Hyaluronic Acid Injections Face

DERMAL FILLER | May 17, 2021

dermal-fillers

Hyaluronic Acid
Injections in Face

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Entry made by
Empire Medical Training

According to data collected by the American Society of Plastic Surgeons, soft tissue filler treatment is the second most common type of minimally invasive cosmetic procedure performed in the United States, second only to treatments with botulinum toxin type A (chiefly Botox®).

Soft tissue dermal fillers temporarily add volume and soften lines and wrinkles on the face and neck, producing natural, youthful results for patients of all ages.

Of several types of FDA-approved dermal fillers available to U.S. patients today, hyaluronic acid is regarded as the leading noninvasive alternative to plastic surgery. Hyaluronic acid injections to the face are used to treat marionette lines, lining of the nasolabial folds, smokers’ lines and other fine lip lines, and volume loss in the lips.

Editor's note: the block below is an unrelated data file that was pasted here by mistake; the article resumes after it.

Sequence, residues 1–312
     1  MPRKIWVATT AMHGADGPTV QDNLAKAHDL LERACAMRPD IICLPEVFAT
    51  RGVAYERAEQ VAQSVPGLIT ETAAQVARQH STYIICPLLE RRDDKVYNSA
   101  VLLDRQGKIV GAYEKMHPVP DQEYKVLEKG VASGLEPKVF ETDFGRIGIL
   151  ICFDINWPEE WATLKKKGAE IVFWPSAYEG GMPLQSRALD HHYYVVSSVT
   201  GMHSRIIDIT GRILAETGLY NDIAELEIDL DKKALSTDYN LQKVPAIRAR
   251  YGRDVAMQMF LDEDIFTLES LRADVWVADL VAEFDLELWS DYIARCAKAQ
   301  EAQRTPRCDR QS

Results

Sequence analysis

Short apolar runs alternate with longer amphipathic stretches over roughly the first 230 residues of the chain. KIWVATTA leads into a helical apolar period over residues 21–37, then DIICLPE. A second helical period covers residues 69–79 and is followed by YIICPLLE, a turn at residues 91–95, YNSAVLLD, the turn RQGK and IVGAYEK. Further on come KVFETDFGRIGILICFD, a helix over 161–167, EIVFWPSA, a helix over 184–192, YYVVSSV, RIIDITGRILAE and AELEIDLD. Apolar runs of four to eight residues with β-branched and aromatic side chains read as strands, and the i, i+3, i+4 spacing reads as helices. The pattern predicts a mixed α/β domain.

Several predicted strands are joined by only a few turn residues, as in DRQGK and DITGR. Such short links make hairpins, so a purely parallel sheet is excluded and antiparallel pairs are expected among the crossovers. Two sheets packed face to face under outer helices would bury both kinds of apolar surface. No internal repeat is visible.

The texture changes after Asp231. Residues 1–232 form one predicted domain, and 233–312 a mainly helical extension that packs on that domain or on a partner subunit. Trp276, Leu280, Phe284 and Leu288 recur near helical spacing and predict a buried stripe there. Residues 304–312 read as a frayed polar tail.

Although generally regarded as safe, hyaluronic acid fillers (HA fillers) are associated with side effects that can, in rare cases, prove serious. Certain patients are not good candidates for HA fillers, and all prospective patients should consult with the board-certified dermatologist or plastic surgeon who will perform the procedure to identify potential contraindications.

Hyaluronic Acid Injections for the Face: The Basics

This is a detailed overview of hyaluronic acid filler treatments for the face. In the following sections, we’ll cover:

  • How hyaluronic acid injections to the face actually work
  • Alternatives to hyaluronic acid injections
  • Popular brands and formulations of HA fillers and their respective indications
  • What to expect from HA filler treatment, including consultation and treatment procedures, contraindications, potential side effects, and results and their duration
First, let’s examine the basic pharmacology of hyaluronic acid fillers.

How Hyaluronic Acid Injections Work